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Focus on new research - part 1


Issue 5 of this bulletin looked at some of the background factors that can lead to problem firesetting in children and adolescents. The present bulletin discusses findings from two recent studies of children and firesetting. Understanding the origins of firesetting behaviour in young people is important due to the high number of fires they are responsible for. In the United States, between 60 and 75 per cent of illegal fires are set by persons under 18, and 40 to 50 per cent of all arson arrests involve juveniles. The NSW Fire Brigades reported that children were the leading cause of fires in 1989-1990, being responsible for 22 per cent of fires in the state.

In a recently published US study, Walsh et al. (2004) investigated family, behavioural and empathy factors in adolescent boys who set fires. They compared 20 adolescent male firesetters with a matched sample of 21 males who did not light fires but did exhibit other behavioural problems. It was found that firesetting participants had higher levels of delinquent and aggressive behaviour than the non-firesetters. The firesetters also displayed more behaviour problems that were in the clinical range, but the firesetting group did not demonstrate any overall significant difference in behavioural functioning compared with the control group. This suggested to the authors that there is not a 'behavioural syndrome' that in itself differentiates firesetting juveniles from other juveniles with behavioural problems. Firesetting is one part of a broader picture of behavioural difficulty. A significant finding was that multiple firesetters had more behavioural problems than single-incident firesetters. Consistent with a number of other studies, higher rates of cruelty towards animals were found among firesetting subjects. In contrast to some other studies and to early theories of childhood firesetting, Walsh et al. did not find higher levels of enuresis (bedwetting) amongst young arsonists. Other studies have found that families of firesetters differ from the families of children without behavioural problems in terms of family stress, parenting difficulties, domestic violence and parental mental illness, as well as having less structure, monitoring and discipline. In Walsh et al. there were no significant differences on family factors between the firesetting and behaviourally-challenged control groups, suggesting that troubled family backgrounds contribute to a range of behavioural problems, including firesetting.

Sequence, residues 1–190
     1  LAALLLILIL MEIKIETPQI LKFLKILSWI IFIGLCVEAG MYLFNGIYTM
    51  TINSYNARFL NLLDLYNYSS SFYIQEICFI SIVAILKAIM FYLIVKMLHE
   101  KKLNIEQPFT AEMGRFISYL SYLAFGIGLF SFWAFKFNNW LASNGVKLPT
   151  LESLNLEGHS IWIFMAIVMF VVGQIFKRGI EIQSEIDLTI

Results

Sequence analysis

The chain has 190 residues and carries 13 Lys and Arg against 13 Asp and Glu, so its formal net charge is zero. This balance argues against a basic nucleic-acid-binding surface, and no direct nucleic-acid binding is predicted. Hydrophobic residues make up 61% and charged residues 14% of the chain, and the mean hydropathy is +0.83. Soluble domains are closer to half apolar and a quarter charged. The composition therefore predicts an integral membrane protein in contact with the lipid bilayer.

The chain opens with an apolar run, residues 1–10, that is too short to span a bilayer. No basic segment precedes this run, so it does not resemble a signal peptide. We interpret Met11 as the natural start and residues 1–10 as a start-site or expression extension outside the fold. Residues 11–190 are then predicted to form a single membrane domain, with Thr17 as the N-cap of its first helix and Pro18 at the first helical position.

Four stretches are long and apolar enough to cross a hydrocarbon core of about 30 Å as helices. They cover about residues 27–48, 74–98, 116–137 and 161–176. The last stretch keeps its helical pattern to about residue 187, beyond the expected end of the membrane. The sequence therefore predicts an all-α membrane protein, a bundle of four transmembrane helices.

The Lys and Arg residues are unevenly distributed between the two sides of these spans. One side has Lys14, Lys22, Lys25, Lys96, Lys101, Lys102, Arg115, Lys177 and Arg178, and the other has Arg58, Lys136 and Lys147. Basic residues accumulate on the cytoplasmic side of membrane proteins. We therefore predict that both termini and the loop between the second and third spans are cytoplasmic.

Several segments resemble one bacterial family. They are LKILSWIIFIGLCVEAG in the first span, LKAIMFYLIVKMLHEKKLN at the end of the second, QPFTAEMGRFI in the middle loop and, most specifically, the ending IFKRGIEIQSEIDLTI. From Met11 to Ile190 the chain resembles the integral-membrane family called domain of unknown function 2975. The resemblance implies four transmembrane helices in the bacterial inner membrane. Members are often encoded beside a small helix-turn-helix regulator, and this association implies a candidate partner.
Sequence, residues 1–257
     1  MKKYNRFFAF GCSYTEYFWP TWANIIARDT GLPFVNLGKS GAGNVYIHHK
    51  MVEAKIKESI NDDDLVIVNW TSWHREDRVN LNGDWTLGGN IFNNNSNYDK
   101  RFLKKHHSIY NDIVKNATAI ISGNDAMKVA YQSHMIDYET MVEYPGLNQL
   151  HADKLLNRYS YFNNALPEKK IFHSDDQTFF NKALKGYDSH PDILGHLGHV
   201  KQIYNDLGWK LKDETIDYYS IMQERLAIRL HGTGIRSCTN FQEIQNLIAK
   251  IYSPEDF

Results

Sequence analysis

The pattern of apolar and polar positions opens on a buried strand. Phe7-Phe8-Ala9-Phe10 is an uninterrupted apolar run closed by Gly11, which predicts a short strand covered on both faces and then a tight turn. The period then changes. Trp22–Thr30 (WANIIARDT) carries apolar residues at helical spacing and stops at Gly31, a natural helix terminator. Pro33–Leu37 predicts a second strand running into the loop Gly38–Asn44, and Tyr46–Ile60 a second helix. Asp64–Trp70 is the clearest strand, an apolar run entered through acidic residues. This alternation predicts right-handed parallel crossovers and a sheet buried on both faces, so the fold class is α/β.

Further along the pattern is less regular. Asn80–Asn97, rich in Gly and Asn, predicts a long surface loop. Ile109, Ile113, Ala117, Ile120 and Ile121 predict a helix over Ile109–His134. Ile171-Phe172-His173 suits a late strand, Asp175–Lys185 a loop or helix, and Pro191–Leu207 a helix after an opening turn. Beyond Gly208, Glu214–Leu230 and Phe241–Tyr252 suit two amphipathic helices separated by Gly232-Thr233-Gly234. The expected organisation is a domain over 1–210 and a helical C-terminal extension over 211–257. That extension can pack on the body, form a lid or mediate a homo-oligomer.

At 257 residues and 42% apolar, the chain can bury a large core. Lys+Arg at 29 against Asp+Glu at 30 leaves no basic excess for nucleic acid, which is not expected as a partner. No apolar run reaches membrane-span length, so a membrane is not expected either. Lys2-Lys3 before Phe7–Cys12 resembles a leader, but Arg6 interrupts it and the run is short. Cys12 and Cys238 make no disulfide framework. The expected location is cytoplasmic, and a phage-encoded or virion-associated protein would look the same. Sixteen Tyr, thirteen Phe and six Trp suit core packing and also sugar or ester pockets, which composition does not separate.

The role of negative family influences was also demonstrated by Becker et al. (2004). In a study spanning 10 years they found that children from maritally violent homes were 2.4 times more likely to set fires than those from non-violent homes. Children from homes where the male partner harmed pets and drank large amounts were significantly more likely than other children to start fires. Harsh parenting, sexual abuse, maternal drinking and frequency of partner's alcohol use were unrelated to firesetting in this study. Becker at al. also found a strong link between juvenile firesetting and later delinquency, with young firesetters 3.8 times more likely than others to be referred to a juvenile court and 4.7 times more likely to be arrested for a violent crime. Although children from violent homes were 2.3 times more likely to be cruel to animals, this study did not support the link between firesetting and animal cruelty seen in other studies.


  • Becker KD, Stuewig J, Herrera VM & McCloskey LA 2004. A study of firesetting and animal cruelty in children: family influences and adolescent outcomes. Journal of the American academy of child and adolescent psychiatry 43(7): 905-912
  • Walsh D, Lambie I & Stewart M (2004). Sparking up: family, behavioral and empathy factors in adolescent firesetters. American journal of forensic psychology 22(1): 5-32

Cite article

2005. Focus on new research - part 1. Bushfire arson bulletin no. 12. Canberra: Australian Institute of Criminology. https://aic.gov.au/publications/bfab/bfab012